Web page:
The quickest way south from Hull is to cross over the Humber Bridge, which spans the Humber Estuary. The bridge crosses the estuary between Hessle in East Yorkshire and Barton upon Humber in North Lincolnshire. When it opened in 1981 it was the longest single-span suspension bridge in the world. It held this record for 16 years. The main span between the two towers is just under a mile.
More recent bridges in Denmark, Japan and China have successively become the longest bridge in the world.
Humber Bridge – Facts
– At the time of writing it’s the 11th longest suspension bridge in the world.
– It’s the longest bridge in the world that can be crossed by cycle or on foot.
– Three Spans make up the bridge, Barton span (south side) 530 metres, centre span 1410 metres and Hessle span (north side) 280 metres, a total distance of 2,200 metres.
– There is enough wire used in the bridge to go six times around the Moon.
– The height of the two concrete towers is 155.5 metres (510 feet).
– The towers are 36mm further apart from each other at the top than they are at the bottom. The bridge is so long that an allowance has to be made for the Earth’s curvature.
– The bridge cost £98m to build. Initial estimates were that it would cost £28m.
– 480,000 tonnes of concrete were used to build the bridge.
– The road deck is made up of 124 steel box sections.
– The roadway is streamlined to cope with wind resistance.
– The deck structure in total weighs 16,500 tonnes.
– About 10 million vehicles a year use the bridge.
History of the Bridge
For hundreds of years, the Humber Estuary was a barrier to trade and movement between East Yorkshire and Lincolnshire on the opposite bank. There had been many campaigns locally to try and get a bridge or tunnel across the estuary. Several ferries used to cross the estuary, but the road route involved going to Goole, which is 29 miles from Hull and 53 miles from Grimsby.
The construction of a suspension bridge was approved in 1959 with the passing of the Humber Bridge Act. Actual work on the bridge did not begin until 1972. A suspension bridge was thought to be the best option as the bed of the Humber Estuary is always shifting, which means the navigable channel along which ships travel is also always changing. Therefore, the only real solution was a suspension bridge. This would have no support piers in mid-channel and would not obstruct the estuary. Because of the geology and topography of the area, the cost of constructing a tunnel would have been prohibitively excessive.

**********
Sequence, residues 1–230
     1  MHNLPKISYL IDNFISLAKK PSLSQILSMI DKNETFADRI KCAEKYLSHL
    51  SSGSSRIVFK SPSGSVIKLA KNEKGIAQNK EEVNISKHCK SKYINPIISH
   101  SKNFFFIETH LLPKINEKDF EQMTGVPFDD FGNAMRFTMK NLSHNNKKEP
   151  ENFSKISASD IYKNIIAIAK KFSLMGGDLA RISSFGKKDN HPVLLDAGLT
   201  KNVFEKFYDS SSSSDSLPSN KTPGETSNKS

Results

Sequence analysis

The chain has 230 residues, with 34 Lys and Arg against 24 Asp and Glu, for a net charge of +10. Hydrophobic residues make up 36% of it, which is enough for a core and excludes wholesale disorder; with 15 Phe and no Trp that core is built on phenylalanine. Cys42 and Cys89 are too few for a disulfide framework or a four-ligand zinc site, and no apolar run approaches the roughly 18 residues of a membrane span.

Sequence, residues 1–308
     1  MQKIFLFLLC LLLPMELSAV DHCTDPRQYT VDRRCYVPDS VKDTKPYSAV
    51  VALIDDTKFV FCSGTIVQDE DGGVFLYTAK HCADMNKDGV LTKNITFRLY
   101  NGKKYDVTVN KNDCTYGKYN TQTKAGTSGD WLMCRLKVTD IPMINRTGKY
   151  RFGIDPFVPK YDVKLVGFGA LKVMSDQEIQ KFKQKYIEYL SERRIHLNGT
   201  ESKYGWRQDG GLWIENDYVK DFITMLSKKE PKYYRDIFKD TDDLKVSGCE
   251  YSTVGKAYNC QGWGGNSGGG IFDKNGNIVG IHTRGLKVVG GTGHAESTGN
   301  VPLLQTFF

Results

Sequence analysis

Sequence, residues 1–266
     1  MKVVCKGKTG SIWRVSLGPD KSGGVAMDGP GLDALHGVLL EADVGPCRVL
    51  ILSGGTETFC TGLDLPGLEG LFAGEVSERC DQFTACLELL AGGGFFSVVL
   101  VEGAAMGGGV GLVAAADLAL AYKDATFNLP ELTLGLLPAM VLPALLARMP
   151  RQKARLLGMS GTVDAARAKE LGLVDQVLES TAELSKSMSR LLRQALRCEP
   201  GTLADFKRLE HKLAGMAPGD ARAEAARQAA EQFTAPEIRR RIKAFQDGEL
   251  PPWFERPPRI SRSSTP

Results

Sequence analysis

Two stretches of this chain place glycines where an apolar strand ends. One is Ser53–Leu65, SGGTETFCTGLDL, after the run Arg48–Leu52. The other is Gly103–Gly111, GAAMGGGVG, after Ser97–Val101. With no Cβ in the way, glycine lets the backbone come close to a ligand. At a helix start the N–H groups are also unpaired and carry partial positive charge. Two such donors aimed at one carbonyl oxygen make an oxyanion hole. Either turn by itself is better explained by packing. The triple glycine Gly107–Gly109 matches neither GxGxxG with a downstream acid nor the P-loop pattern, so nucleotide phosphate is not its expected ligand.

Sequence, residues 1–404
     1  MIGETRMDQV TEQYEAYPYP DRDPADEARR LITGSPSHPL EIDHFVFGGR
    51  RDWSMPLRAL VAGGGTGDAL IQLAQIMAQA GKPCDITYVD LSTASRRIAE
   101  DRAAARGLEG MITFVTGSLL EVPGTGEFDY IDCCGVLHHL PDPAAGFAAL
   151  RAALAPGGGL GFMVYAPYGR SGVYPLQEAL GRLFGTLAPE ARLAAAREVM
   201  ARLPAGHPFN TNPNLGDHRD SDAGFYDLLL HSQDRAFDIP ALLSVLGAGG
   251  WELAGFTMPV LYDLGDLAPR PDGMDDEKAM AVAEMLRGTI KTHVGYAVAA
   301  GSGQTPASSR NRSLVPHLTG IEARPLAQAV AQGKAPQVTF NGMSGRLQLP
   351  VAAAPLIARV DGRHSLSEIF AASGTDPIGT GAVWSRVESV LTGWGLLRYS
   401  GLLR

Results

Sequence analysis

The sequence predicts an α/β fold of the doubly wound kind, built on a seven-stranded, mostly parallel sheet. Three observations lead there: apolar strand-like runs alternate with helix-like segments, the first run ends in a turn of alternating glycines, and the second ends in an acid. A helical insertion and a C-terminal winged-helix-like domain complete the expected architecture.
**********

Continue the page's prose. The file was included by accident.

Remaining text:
The bridge took a thousand workers and eight years to build. Vehicles first crossed the bridge on 24th June 1981. The bridge reduced the journey from Hull to Grimsby from 82 miles to 42 miles.
Bridge Viewing Areas
There is a country park on either side of the bridge. On the south side is Waters’ Edge Country Park Visitors Centre, Waterfront, Maltkiln Road, Barton-upon-Humber DN18 5JR. Waters’ Edge Country Park covers 86 acres. It has fabulous views of the Humber Bridge, a visitors centre & children’s play areas. With its diverse habitats of reedbeds, ponds, reedbeds, woodlands and meadows it is a haven for birds & other wildlife. The wildflowers that grow in the meadows attract a variety of butterflies.
On the opposite bank is the Humber Bridge Country Park, Ferriby Rd, Hessle HU13 0HB. This 52 acre, dog-friendly nature reserve, offers nature trails that take in a variety of landscapes such as woodlands, meadows, ponds and cliffs. These habitats support a diverse collection of wildlife which includes nesting and migrating birds, butterflies, and protected species such as pipistrelle bats and great crested newts.
On the north bank, there is also the North Bank Viewing Area, Ferriby Road, Hessle HU13 0LN. This is located down on the foreshore area with free car parking. Walk up to the bridge for a really stunning view as you look up at it.
Humber Bridge Walk
Of course, the highlight of any trip to the Humber Bridge is a walk along the bridge. This offers a unique and thrilling experience. There is plenty to see as well amazing views across the Estuary. Be warned though this is not for those who suffer from vertigo or don’t have a head for heights. The bridge is over 30 metres above the water. Steps leading to the bridge’s walkway are signposted from either side of the bridge. Best of all it’s free to walk over the bridge.
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